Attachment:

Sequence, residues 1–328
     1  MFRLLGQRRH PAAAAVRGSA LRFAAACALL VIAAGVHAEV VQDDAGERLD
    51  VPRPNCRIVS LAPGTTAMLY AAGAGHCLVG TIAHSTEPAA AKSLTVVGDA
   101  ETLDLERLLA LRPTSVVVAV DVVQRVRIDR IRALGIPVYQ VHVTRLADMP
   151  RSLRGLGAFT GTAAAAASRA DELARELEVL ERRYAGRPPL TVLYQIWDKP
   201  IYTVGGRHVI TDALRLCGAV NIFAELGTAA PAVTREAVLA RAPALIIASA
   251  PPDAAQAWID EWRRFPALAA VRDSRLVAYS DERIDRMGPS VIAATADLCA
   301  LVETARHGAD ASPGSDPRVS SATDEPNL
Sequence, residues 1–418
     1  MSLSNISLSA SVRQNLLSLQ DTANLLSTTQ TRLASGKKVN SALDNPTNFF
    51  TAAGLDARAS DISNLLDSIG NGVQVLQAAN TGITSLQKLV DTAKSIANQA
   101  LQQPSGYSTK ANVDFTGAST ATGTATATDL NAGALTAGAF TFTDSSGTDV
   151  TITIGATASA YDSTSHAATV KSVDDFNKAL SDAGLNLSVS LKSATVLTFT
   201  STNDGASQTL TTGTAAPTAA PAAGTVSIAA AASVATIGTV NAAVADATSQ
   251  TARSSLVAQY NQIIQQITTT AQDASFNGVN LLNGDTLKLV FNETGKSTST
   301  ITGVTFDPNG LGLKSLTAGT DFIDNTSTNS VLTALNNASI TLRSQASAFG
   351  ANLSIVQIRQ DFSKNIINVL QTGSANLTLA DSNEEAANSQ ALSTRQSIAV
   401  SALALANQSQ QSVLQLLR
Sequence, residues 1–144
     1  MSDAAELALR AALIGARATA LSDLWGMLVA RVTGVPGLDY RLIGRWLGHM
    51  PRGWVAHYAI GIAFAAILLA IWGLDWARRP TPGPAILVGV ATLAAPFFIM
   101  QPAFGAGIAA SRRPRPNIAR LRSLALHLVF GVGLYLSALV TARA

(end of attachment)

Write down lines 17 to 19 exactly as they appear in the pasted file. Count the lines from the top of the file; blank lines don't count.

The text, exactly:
   351  ANLSIVQIRQ DFSKNIINVL QTGSANLTLA DSNEEAANSQ ALSTRQSIAV
   401  SALALANQSQ QSVLQLLR
Sequence, residues 1–144